Minister of Municipal Affairs Kaycee Madu is seen at the Edmonton Chamber of Commerce’s Mayor’s State of the City Address luncheon.
Ian Kucerak / Postmedia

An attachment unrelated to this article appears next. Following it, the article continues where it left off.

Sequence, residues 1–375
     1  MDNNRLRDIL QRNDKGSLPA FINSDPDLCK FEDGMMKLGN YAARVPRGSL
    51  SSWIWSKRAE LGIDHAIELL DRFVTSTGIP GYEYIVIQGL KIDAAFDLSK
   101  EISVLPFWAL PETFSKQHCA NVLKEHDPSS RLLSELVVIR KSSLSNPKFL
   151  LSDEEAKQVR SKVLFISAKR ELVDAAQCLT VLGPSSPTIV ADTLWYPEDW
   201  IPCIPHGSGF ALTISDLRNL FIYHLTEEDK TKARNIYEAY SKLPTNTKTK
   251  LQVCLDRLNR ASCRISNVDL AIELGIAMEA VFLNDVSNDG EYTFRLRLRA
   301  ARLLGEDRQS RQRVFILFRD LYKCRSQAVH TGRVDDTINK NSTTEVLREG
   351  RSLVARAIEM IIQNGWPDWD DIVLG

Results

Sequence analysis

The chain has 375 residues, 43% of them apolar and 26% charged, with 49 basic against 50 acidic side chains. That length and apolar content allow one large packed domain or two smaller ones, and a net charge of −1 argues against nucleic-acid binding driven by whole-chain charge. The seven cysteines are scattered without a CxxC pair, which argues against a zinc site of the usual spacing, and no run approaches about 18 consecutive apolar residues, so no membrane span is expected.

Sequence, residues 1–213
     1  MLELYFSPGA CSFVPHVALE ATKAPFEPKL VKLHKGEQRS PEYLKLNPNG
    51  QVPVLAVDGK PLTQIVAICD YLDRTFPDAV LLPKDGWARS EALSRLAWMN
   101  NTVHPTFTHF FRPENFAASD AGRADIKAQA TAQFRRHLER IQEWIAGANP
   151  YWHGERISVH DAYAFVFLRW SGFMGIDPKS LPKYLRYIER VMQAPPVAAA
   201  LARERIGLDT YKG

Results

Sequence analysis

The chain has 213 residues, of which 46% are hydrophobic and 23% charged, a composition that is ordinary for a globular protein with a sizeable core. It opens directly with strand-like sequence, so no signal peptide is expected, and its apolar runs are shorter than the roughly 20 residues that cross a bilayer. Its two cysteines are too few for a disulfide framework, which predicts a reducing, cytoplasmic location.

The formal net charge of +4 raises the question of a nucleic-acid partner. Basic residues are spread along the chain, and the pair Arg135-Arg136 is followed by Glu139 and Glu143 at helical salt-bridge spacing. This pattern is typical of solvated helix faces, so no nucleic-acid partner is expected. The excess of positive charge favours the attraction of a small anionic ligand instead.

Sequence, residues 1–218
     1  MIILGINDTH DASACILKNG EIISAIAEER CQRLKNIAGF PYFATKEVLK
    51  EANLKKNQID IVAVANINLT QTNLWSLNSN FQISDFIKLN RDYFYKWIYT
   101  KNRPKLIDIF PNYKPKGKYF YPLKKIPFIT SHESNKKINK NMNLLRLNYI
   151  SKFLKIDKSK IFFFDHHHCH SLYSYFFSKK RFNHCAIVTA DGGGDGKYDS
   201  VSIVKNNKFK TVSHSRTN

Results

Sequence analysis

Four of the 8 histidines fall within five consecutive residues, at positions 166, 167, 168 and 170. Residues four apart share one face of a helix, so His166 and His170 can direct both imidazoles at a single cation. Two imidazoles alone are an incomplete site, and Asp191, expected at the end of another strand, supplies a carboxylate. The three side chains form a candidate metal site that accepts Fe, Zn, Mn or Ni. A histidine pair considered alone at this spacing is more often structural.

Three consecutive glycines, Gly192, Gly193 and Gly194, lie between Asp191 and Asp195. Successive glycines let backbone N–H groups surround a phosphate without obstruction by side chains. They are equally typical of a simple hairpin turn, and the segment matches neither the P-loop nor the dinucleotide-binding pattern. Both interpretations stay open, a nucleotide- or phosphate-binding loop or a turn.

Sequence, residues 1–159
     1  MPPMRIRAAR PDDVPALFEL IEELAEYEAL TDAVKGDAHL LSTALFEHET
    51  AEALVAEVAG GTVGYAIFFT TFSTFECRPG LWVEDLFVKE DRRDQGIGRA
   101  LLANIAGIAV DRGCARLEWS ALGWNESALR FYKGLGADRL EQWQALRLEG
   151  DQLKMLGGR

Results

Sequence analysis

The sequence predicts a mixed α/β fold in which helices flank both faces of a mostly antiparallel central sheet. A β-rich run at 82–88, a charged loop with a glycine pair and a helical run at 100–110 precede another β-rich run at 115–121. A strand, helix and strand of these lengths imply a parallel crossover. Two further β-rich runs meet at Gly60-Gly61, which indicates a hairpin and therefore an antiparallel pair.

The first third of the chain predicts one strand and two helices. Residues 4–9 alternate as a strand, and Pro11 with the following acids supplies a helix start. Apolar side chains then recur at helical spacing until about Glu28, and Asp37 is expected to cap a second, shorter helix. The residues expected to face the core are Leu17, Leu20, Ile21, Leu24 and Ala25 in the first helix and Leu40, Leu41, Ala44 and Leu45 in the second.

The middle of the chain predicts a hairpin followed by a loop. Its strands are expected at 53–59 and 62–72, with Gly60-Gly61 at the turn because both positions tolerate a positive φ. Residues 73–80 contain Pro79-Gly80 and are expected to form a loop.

The province has thrown cold water on a request from Calgary city council for help in assisting businesses facing steep property tax hikes, after council released a $190-million proposal to limit the soaring bills caused by the economic downturn.Municipal Affairs Minister Kaycee Madu appeared to bluntly reject the possibility of the provincial government stepping in to provide assistance to the city in a statement provided to Postmedia on Thursday.“The City of Calgary needs to look after its own house,” Madu said. “They have hiked operational spending far beyond inflation and population over the last decade. Council needs to think about where this money has gone and why it has become so reliant on passing its spending hikes onto businesses. It is hard work, but we are doing our part at the Legislature.”Madu’s statement came hours after council announced that it would seek to implement urgent tax relief measures for commercial property owners on the heels of property tax bills landing in mailboxes across the city this week.A joint release from 13 of 14 city councillors and Mayor Naheed Nenshi said an urgent notice of motion would be brought forward at the June 17 council meeting, which will attempt to provide $190 million in tax relief to non-residential taxpayers.“We absolutely have to do something in 2019,” Coun. Diane Colley-Urquhart said earlier Thursday afternoon. “Even if the bills have already gone out, that’s no excuse or reason for us to not be able to move forward. We can always do things retroactively.”The proposal comes just days after council appeared poised to leave non-residential property owners on the hook for their 2019 tax bills without any financial assistance.Around 64 per cent of commercial property owners will see double-digit increases on their tax bills this year due to a redistribution of non-residential taxes as a result of plunging property values downtown.Asked Thursday why council took months to agree on a solution to the problem, Colley-Urquhart said council could have done better.“I think the accusations toward each one of us on council that we dithered around with this trying to find a way forward is fair,” Colley-Urquhart said. “But we need to deal with this now and we need to deal with 2019 as well.”Council’s proposal — which has not yet been formally voted on — would seek immediate reductions to the municipal budget of $60 million in 2019 and in future years.Council members are also planning to ask the provincial government to offer matching funds to assist in alleviating the tax burden on Calgary businesses. Local officials are urging the province to acknowledge its role in contributing to the property tax burden since approximately $780 million in taxes are remitted to the Alberta government each year to fund education.The city has already set aside approximately $71 million to aid to non-residential ratepayers.Relief would be applied to tax bills “on a basis proportional to their increases,” according to the proposal.Ten members of city council are attending the annual conference of the Federation of Canadian Municipalities in Quebec City this weekend. Emails and phone calls were traded for hours Thursday morning and afternoon as council members in Calgary and Quebec worked to complete the proposal.A few said they felt a renewed urgency after hearing from businesses and constituents.“I’ve been fielding phone calls and texts for the last 24 hours from amazing business and building owners in Ward 9 who were feeling gut punched upon opening their tax bills,” said Coun. Gian-Carlo Carra. “A lot of my colleagues are in similar positions, so everyone was motivated to finally arrive at the path we’ve been maneuvring toward over the last several months.”Council has not yet voted on the proposal and a formal request for assistance has not yet been issued to the provincial governmentBut in his statement Thursday, Madu suggested the province is currently preoccupied with what it calls the “fiscal mess” it inherited from the previous government.“We are now doing the hard work of streamlining operations to deliver better services without raising taxes. We are cutting business taxes by one third, scrapping the carbon tax and cutting red tape. These are all necessary steps to make life more affordable for businesses and Albertans,” he said.A spokesperson for the minister did not clarify Thursday evening if the provincial government intended to reject council’s request for $60 million in matching funds once the formal entreaty arrives.Ward 11 Coun. Jeromy Farkas was not a signatory to council’s proposed plan. He held his own news conference on rising tax bills Thursday afternoon and proposed a plan that would see immediate reductions to pay and benefits for council members, city management and municipal staff, along with a slate of other cost-saving email@example.comTwitter: @mpotkins